@propertyWrapper
struct Validate < Value> {
    var value: Value?
    var validations: [(Value?) -> Bool] = []
    
    var wrappedValue: Value? {
        get {
            let checkValidations = validations.reduce(true) { (result, function) in
                return result && function(value)
            }
            guard checkValidations else {
                return nil
            }
            return value
        }
        set {
            value = newValue
        }
    }
    
    init(initialValue value: Value?, validations: [(Value?) -> Bool]) {
        self.value = value
        self.validations = validations
    }
}

If the code passes the validation you will receive the value. Otherwise you will receive nil. To check the validation, you must pass and array of functions where the input is of type Value and the output a Bool. I’ve created two simple validations to inject in our new property wrapper:

  • UserNameIsAllowedValidator

  • UserNameLengthValidator

struct UserNameIsAllowedValidator {
    func execute(name: String?) -> Bool {
        guard let username = name,
            username != "Albert" else { return false }
        return true
    }
}
struct UserNameLengthValidator {
    func execute(name: String?) -> Bool {
        guard let username = name,
            username.count > 4 else { return false }
        return true
    }
}

It’s time to use these validators. That’s why I’ve created a structure called UserForm

struct User {
    let name: String
}

struct UserForm {
    enum UserError: Error, Equatable {
        case noValidUser
    }
    
    @Validate(initialValue: nil, validations: [UserNameLenghtValidator().execute,
                                               UserNameIsAllowedValidator().execute])
    private var nameField: String?
        
    var validate: Result {
        guard let name = nameField else {
            return .failure(.noValidUser)
        }
        return .success(.init(name: name))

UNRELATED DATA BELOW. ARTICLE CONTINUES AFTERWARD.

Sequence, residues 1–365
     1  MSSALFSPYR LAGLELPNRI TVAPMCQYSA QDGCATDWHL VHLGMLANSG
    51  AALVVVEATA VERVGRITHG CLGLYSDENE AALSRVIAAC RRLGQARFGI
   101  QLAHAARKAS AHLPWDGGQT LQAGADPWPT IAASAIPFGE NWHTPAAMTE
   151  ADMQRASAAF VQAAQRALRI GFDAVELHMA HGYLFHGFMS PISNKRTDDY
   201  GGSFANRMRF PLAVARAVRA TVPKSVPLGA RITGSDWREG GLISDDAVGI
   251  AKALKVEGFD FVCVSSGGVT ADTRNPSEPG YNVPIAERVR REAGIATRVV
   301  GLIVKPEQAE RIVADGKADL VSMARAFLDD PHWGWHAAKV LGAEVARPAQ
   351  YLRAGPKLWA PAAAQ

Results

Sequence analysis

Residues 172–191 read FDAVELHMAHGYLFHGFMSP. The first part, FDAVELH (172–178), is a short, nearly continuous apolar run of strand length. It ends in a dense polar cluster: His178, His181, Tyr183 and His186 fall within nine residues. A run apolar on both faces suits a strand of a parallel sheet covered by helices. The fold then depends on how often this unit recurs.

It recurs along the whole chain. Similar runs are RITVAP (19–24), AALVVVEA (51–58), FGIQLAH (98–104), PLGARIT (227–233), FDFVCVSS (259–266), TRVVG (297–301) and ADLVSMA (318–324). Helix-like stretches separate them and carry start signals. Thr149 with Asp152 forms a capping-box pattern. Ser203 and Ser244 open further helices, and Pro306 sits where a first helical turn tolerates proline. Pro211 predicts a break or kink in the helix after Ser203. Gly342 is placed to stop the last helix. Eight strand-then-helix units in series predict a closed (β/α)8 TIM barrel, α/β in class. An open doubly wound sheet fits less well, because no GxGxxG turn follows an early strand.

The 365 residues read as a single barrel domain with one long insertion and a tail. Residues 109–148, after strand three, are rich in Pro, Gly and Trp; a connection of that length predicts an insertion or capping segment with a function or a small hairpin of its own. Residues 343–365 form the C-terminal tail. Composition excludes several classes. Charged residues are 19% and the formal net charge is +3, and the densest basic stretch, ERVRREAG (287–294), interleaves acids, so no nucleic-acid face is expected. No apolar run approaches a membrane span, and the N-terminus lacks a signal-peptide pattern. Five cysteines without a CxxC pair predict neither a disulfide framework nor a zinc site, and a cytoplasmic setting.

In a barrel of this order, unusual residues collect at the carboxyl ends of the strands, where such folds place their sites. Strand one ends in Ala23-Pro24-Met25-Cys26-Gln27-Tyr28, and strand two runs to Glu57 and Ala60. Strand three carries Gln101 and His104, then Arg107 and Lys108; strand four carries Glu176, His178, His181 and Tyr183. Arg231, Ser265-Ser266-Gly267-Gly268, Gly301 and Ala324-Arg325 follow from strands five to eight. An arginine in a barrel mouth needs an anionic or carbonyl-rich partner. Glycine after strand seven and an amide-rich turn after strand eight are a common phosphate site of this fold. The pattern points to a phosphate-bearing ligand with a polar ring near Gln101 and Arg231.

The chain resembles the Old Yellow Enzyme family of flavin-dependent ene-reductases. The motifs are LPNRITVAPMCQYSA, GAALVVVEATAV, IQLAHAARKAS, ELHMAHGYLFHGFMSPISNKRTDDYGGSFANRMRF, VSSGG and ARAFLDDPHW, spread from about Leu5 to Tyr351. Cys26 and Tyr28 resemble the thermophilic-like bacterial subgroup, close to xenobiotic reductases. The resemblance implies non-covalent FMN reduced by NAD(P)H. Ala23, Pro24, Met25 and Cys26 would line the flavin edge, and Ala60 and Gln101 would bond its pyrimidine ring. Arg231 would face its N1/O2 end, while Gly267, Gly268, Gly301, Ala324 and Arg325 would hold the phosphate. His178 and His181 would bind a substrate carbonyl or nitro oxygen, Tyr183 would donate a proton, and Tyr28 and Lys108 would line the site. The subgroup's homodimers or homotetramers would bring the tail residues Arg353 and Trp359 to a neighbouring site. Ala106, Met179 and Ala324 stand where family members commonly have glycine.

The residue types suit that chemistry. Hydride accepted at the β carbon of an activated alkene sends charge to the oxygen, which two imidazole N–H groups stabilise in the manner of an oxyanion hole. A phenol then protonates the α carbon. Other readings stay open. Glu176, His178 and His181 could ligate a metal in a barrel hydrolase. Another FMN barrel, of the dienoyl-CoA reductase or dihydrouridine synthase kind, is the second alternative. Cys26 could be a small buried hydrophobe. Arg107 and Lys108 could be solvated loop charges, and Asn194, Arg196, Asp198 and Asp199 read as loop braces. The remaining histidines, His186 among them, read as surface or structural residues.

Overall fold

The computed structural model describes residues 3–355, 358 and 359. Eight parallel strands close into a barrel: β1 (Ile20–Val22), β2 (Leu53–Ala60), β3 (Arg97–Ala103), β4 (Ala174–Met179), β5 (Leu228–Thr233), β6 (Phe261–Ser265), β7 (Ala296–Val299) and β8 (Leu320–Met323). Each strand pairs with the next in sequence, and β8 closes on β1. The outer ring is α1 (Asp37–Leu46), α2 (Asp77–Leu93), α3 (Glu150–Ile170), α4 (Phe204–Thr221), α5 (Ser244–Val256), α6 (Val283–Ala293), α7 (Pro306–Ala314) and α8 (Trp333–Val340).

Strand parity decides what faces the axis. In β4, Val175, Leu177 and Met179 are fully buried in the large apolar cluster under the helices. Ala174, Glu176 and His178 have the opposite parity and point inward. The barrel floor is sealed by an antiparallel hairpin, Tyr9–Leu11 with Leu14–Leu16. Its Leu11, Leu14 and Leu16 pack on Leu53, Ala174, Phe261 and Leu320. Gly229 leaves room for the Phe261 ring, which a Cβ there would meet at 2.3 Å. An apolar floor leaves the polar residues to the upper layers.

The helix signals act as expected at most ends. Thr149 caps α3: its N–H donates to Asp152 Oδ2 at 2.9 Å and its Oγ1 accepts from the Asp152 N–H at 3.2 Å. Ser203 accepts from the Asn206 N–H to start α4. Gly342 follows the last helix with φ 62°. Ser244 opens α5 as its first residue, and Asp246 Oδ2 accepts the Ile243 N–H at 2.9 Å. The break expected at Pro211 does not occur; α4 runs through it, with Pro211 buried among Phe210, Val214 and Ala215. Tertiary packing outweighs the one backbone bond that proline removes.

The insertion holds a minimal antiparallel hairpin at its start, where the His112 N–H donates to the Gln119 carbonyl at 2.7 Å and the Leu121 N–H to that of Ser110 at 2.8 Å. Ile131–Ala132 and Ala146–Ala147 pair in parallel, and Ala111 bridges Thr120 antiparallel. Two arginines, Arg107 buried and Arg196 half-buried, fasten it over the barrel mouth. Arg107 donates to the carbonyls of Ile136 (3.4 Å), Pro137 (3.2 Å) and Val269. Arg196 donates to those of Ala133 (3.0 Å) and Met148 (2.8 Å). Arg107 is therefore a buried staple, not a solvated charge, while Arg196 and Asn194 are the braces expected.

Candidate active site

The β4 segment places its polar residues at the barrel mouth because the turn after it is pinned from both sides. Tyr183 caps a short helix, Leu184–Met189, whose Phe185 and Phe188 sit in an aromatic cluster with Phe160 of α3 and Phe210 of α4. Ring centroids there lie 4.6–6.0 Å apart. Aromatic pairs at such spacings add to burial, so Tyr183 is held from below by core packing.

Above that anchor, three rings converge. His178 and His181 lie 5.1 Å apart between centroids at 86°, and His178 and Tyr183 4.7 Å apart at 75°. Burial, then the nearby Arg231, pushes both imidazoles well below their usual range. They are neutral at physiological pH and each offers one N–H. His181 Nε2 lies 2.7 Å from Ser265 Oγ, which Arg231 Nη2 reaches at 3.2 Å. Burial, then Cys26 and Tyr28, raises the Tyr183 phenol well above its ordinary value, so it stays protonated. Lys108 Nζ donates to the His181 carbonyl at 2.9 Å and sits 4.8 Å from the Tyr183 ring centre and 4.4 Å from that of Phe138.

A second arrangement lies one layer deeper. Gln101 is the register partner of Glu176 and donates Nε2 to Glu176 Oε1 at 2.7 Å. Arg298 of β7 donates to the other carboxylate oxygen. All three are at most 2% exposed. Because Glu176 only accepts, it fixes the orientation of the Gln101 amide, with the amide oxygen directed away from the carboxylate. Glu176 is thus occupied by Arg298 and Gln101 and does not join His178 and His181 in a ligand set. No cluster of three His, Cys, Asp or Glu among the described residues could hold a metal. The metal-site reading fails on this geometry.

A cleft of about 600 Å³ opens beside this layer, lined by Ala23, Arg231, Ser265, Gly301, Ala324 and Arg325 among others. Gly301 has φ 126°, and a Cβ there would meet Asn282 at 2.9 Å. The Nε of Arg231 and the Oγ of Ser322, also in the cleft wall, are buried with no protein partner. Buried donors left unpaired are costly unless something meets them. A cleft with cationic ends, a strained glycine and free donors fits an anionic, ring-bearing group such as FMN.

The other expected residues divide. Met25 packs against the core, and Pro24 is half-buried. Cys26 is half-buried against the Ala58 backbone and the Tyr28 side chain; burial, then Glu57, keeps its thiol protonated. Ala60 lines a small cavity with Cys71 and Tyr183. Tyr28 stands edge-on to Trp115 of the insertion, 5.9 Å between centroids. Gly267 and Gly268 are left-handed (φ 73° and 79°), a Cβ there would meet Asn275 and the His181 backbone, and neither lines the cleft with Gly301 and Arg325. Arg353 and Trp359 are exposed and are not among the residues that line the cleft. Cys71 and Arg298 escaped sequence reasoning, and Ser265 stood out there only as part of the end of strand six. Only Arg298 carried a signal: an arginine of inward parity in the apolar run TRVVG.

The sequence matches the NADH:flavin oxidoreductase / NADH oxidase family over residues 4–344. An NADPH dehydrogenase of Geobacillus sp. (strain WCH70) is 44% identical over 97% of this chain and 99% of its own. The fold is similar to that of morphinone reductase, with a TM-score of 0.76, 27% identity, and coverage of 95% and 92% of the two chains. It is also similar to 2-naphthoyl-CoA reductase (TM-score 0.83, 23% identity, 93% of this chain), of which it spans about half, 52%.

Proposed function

}
    
    init(name: String) {
        self.nameField = name
    }
}

You can see that I’ve added the @Validate with an initial value and all the validations that you would like to check (these are the two validations previously created). Also, you will have noticed that there is a validate property to return a valid user in case the validation is successful. In the case of failure you would receive an error (we use Result from the Swift Standard Library)

Let’s try it! We will do the same as the previous example. When a user taps a button the validation will be executed

struct ContentView: View {
    var userForm = UserForm(name: "Alberto")
    
    var body: some View {
        VStack {
            Text(“Validation")
            Button(action: 
                self.printValidation()
            ) {
                Text("Tap Me Now")
            }
        }
    }
    
    func printValidation() {
        switch userForm.validate {
        case .success:
            print("Success")
        case .failure(let error):
            print("Error \(error)")
        }
    }
}

The output is:

Success

Conclusion

This article was a small introduction to @propertyWrappers and all the magic you can do with them. If you are creating your own property wrappers I would like to know about what you are doing! You can find all the code in my repo https://github.com/MoralAlberto/PropertyWrappers


Thank you! 😃